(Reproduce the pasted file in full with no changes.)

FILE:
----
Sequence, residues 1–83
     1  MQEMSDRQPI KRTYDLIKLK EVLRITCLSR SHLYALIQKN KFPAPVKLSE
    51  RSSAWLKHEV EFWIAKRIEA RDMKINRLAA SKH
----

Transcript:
Sequence, residues 1–83
     1  MQEMSDRQPI KRTYDLIKLK EVLRITCLSR SHLYALIQKN KFPAPVKLSE
    51  RSSAWLKHEV EFWIAKRIEA RDMKINRLAA SKH